RAVENNA -- Revenue from Portage County's 0.25 percent sales and use tax is steady and on track with estimates, according to the county finance department and auditor's office.

The tax, imposed by county commissioners in 2015, generated $3.88 million in 2016. That's lower than the $5 million estimated to come in during 2017, but the tax went into effect in January with collections three months behind.

While the money isn't legally bound to any particular use, the funds have been pledged to go toward expanding the county jail to address increasing female population numbers, and implementing substance abuse treatment, education and prevention programs.

Todd Bragg, director of the board budget and finance management, said the office just collected November 2016 revenues because of the lengthy process of state tax service.

"When you pay sales tax, the businesses send it to the state. The state then processes all of the returns by county, because the state gets a portion and we get a portion," Bragg said.

That $3.8 million is also slightly higher than the $3.75 million expected, a pleasant surprise to the county general fund. Commissioners are expecting to generate roughly $5 million each year for the next four years because of the sales tax.

Revenue from the additional quarter-percent sales tax is being kept in a separate fund in order to distinguish what the money will be used for, Bragg said. The county currently has a 7.25 percent sales tax.

County Auditor Janet Esposito said she was initially concerned about the quarter-percent increase, especially being kept in a separate account. She said the fund could potentially generate additional revenue if it was kept in the same fund as the other 7 percent sales tax revenue.

"Of the 7.25 percent [total sales tax in the county], we only get 1.25 percent, basically. PARTA gets some, and the remainder is state revenue," Bragg explained.

So far in 2017, the quarter-percent sales and use tax has generated $868,091.

The tax also was designed to accommodate the upcoming cuts to Medicaid taxes, from which the county draws nearly $1.8 million. Those cuts are part of Gov. John Kasich's proposed state budget. The budget adopted by the legislature will take effect July 1.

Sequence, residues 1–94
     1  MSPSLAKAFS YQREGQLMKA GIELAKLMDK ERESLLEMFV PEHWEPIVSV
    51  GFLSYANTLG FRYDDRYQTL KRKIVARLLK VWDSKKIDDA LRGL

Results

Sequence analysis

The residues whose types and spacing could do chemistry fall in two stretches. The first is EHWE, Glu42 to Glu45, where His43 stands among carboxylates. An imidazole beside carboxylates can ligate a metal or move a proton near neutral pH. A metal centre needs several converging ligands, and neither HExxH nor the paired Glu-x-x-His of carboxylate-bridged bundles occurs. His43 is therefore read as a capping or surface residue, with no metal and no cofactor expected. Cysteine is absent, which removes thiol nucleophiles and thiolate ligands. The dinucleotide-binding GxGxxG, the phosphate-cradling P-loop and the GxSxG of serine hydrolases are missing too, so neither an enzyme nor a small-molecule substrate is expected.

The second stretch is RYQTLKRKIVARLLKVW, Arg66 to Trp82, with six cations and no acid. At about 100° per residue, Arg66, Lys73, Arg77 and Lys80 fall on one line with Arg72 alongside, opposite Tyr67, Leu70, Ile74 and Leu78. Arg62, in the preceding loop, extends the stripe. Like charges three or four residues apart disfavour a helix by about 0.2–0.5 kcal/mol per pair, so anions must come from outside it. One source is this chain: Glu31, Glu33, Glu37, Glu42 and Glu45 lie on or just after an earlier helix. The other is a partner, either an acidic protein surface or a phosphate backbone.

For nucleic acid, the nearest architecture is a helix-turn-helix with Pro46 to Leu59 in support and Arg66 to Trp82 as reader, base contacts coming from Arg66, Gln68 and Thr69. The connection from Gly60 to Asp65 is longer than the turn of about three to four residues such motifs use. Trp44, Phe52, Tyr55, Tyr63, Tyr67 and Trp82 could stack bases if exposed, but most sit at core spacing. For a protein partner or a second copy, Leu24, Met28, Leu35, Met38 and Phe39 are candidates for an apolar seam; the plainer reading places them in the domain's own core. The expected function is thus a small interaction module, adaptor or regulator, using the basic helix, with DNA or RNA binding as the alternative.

A total of $716,271 of the additional sales tax has already been spent, according to county records. Three areas received funding: $91,964 for the county probation department, $239,292 for corrections officers at the jail, and $385,016 for sheriff's road patrols. Those figures include salaries, health benefits, Medicare, retirement and workers compensation.

Those expenditures were suggested by the subcommittee established by the board for the purpose of advising commissioners on how best to spend the revenue for education and prevention projects.

Sheriff Dave Doak sits on that committee, which meets monthly, along with community leaders and elected officials from across the county.

Recent discussion has centered on reconsideration of the proposed $13 million expansion of the county jail using a portion of the sales tax revenue. Commissioners have voiced concern over how to afford staffing the 133-bed pod, which would need an additional 15 officers. Alternative options previously on the table have been less expensive while addressing the same concerns.

In 2015, when county commissioners imposed the tax without placing it on the ballot, they did so to allowe the revenue to flow directly into the county general fund instead of being used for a specific purpose, such as he criminal justice system

However, during required public hearings on the tax, the board set its anticipated uses for the money: Increased road patrol, valued at roughly $400,000 for one full-time officer plus a vehicle; $450,000 for increased staffing at the jail; a $1.6 million remodel of existing female pod bed space at the jail; and design and construction of a $9 million to $11 million pod extension.

So far, the commissioners have followed through on two of the three pledges.

Email: mmerchant@recordpub.com

Phone: 330-541-9400 ext. 4156